There are plenty of NBA guys who will tell you all about their big money charitable foundations. For many of them it is a tax write-off and a chance to get some good PR but something they barely pay attention to, while there is a handful who are serious about the cause they focus on. That said, all of them love to do good in front of the cameras.
Which is why this story about Wizards rookie Otto Porter, out of a letter to the Washington Post, is so fantastic.
Porter is a Georgetown guy who stopped by a D.C. sandwich shop, and we’ll let the letter tell the rest.
After about 25 minutes (of the homeless guy asking people for food), Otto Porter Jr., the Georgetown basketball star and the Washington Wizards’ newest first-round draft pick, drove up, hopped out of his car and entered the shop. Mr. Porter soon exited with his sandwich and drink — but also with a sandwich, a bag of chips and a drink for the homeless man. Mr. Porter then sat down next to the man, and they both enjoyed their sandwiches while making small talk.
The letter writer repeats the old cliché — our true character is revealed with what we do when we think nobody is looking. In that case, Porter comes off as more caring and compassionate than most.
Both as media and as a society, we can focus too much on the negative — the players and coaches who get DUIs, who get arrested for a fight, who burn through all their cash. Not just with NBA players but with celebrities of every walk. But there are plenty of them who are good people who are good fathers/mothers, who are quietly active helping the needy one way or another, who are living lives we’d be proud to have our children aspire to. Those get overlooked all to often.
It’s nice to put a spotlight on the good for a change. We could use more of it.
The report that Kevin Durant told Russell Westbrook he’d re-sign with the Thunder before choosing the Warriors?
Royce Young of ESPN:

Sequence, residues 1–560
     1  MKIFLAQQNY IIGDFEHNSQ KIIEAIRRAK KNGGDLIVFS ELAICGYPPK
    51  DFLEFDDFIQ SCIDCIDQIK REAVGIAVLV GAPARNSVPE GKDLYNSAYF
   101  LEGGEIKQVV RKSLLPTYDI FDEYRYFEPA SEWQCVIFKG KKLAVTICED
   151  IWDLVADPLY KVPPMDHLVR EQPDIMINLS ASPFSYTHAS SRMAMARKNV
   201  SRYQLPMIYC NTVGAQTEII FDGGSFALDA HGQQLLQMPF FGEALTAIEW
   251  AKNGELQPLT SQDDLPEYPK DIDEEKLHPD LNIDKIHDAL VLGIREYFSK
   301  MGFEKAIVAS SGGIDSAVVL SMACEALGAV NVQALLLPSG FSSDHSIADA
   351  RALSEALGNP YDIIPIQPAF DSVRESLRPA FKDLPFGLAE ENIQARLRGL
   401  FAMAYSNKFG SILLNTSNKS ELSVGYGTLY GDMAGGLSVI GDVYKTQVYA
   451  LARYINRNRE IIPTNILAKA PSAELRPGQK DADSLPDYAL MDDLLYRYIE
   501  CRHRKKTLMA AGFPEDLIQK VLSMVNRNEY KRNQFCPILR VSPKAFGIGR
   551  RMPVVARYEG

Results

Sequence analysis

I misspoke in saying that Durant specifically told Westbrook he was coming back.
OAKLAND, Calif. (AP) — Center Anderson Varejao will miss the Olympics for host Brazil because of a herniated disc in his lower back.
The Golden State Warriors announced the injury Wednesday and say that Varejao should be ready for the start of training camp but will not be healthy enough to play in the Olympics. Varejao recently experienced back pain while training with the Brazilian National Team and returned to California to be examined by Dr. Robert Watkins earlier this week.
Varejao averaged 2.6 points and 2.3 rebounds in 22 games after signing with the Warriors on Feb. 22. He re-signed with the team earlier this month.
PHOENIX (AP) — Phoenix Suns coach Earl Watson completed his staff Wednesday, naming Jay Triano associate head coach and Tyrone Corbin and Nate Bjorkgren assistant coaches.
Triano spent the last four seasons as assistant coach with the Portland Trail Blazers, including Watson’s final season as a player in 2013-14. The first Canadian-born head coach in NBA history when he directed Toronto, he also is the coach of Canada’s national team.
Corbin was Sacramento’s interim head coach for 28 games in 2014-15. He played the Suns in 1987-89.
Bjorkgren remains with the Suns after spending last season as assistant coach/player development coordinator. He also was head coach of the Suns’ NBA Summer League team the past two years.
The Suns also named Marlon Garnett assistant coach/player development coordinator, and Scott Duncan and Jason Fraser player development coaches.
The Los Angeles Clippers still have Paul Pierce under contract. Not many minutes for him, but he has a roster spot.
Pierce probably wants come back but is thinking it all over, according to Brad Turner of the Los Angeles Times.
Pierce has been debating this with himself for a while now.
Pierce saw a dramatic drop off in production and how much he was used last season by Rivers. Pierce averaged a career-low 6.1 points per game on an also career low 48.9 true shooting percentage. His PER of 8.2 was also a career low. You get the idea. By the end of the season Pierce was mostly an afterthought for Doc Rivers (although he did start one game after Blake Griffin was out and the Clippers’ playoff dreams were toast).
Pierce would be more mentor than a key player on the court, but he would be on probably the third best team in the West, a team that capable of making a deep playoff run. Does he want to do that for one more season? You know Doc would welcome him.